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3 Mental Health Myths Your Therapist Is Sick of Hearing

It's great that more people are talking about mental health, but not everything you hear is necessarily true. Don't fall for these 3 mental health myths!

Dreamy style illustration of a person with blue swirls emanating from their head, sat resting their arms on their knees

Mental health is a complex and sometimes controversial topic. Only in the last 10 years or so has it become a subject that people are willing to discuss in the public sphere.

While it’s great that attention is finally being paid to important issues like mental illness and psychological wellbeing, this context means that there are many half-truths and straight up falsities that are being accepted as fact.

With this in mind, we decided it was time to debunk some of the most common mental health myths that our therapists are tired of busting. Let’s go!

1. Mental illness is a sign of weakness

This view is a hangover from a time when people didn’t talk openly about mental health. If something is never discussed, it can give the impression that it is rare or unusual. As a result, those dealing with mental health issues often felt alone and carried a lot of shame. While strides have been made, this is unfortunately still the case for some today.

The mix of stigma and lack of knowledge also feeds into the assumption that those experiencing setbacks in their mental health are weak in some way. People with psychological disorders are sometimes labelled as overly sensitive, or even violent and dangerous. This is not the case.

Mental illness is just like physical illness in the sense that, while some people may be predisposed to certain conditions due to genetics or life events, it can affect anyone. In fact, everyone’s mental health will go through good periods and bad ones over the course of their life.

The bottom line: suffering from poor mental health is not a sign of failure or weakness—it’s an inevitable side-effect of living in the world.

2. You only need therapy if you have a mental health issue

Dreamy style illustration of a therapist with short hair and glasses, sat looking at a document with an empty chair opposite them

Many people view therapy as something you turn to when you need to fix a problem. This is perfectly fine—therapy does indeed provide effective treatment for many conditions and can help you to navigate difficult life events. However, this is not its only application.

Regular (or even occasional) therapy sessions can help you to maintain good mental health, work towards life goals, and develop skills like communication and relationship-building. This is why it’s a good idea to make room for it in your life before your mental health deteriorates. In fact, by the time you accept that you might need therapy, it’s likely you’ve reached a mental health crisis that could have been avoided.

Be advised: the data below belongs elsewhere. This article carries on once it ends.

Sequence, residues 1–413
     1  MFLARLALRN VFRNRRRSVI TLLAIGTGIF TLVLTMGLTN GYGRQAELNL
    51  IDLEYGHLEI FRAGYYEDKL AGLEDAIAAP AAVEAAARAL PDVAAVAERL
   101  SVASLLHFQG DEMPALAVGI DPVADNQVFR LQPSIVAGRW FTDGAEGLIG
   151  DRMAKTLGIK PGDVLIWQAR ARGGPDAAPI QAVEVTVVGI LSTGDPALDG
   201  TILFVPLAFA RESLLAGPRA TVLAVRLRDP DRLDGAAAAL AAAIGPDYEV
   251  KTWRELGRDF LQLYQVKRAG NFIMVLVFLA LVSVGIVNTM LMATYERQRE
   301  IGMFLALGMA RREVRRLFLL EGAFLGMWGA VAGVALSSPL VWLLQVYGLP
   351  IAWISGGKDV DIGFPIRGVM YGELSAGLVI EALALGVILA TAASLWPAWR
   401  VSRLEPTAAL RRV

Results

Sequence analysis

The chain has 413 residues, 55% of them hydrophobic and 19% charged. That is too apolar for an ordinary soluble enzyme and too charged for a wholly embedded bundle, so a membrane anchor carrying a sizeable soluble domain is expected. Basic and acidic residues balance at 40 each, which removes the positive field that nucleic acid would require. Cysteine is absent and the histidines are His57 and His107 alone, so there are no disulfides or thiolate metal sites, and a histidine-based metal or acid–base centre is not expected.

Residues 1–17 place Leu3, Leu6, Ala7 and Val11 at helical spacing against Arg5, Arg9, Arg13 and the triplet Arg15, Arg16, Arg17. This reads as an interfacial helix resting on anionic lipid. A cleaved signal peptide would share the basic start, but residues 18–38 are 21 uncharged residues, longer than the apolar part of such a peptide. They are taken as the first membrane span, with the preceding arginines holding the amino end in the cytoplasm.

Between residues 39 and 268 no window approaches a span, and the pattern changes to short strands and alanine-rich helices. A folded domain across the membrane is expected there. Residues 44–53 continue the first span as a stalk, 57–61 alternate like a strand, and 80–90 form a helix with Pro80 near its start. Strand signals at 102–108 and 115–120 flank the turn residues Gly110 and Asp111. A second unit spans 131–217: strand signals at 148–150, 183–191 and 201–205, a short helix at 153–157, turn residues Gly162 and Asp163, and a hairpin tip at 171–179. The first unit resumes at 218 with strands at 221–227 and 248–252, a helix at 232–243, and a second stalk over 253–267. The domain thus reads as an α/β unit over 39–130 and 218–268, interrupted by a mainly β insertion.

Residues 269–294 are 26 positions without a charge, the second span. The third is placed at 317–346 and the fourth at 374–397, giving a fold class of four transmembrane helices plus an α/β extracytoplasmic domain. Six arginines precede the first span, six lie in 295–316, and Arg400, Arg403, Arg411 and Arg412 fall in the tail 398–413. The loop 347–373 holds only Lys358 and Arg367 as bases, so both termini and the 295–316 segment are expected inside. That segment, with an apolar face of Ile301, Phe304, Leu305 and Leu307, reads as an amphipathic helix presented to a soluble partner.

The sceptics amongst you may think therapists only say this because they’re interested in lining their own pockets. The truth is, a lot of people are now enjoying the benefits of treating therapy like any other form of self-care, like a gym membership or a beauty treatment. Of course, this is something of a luxury as therapy usually comes at a cost. If you’re not sure whether it’s worth it, you can always start with a single session.

The bottom line: everyone can benefit from therapy, no matter the current state of their mental health.

3. Mental health and physical health should be treated separately

Say it louder for the people at the back: mental health and physical health are deeply intertwined!

If someone is suffering from a physical illness, some consideration needs to be given to the mental toll this can take on their body. For example, if you break your leg and are no longer able to go out for your daily walk, there’s a high chance you will experience some low moods as a result. On the flip side, if you are going through a bout of depression, going out to get fresh air and stretch your legs can give you a mental boost.

Are we saying that physical exercise can cure conditions like depression? Not at all. However, it is now widely established that physical activity can help people dealing with issues like depression and anxiety.

Our bodies are not split between the physical and psychological—we are one whole being. As a result, a problem in one area is inevitably going to have some kind of knock-on effect elsewhere. This needs to be taken into account when addressing mental health issues.

Of course, when your mental health is suffering, being physically active can feel like the last thing you want to do. Nobody is expecting you to go for a 5K run, but if you take it in small steps, getting any kind of physical movement in can improve your mindset. Start by opening a window to get fresh air, then maybe step outside, and then see if you can walk to the end of the street and back. Anything you can muster the energy to do will be beneficial.

The bottom line: when addressing mental health, the role of physical movement and wellbeing should be taken into consideration.


That's 3 mental health myths well and truly busted! Be sure to check out the rest of the ManageMinds blog for more guides and tips on this topic.

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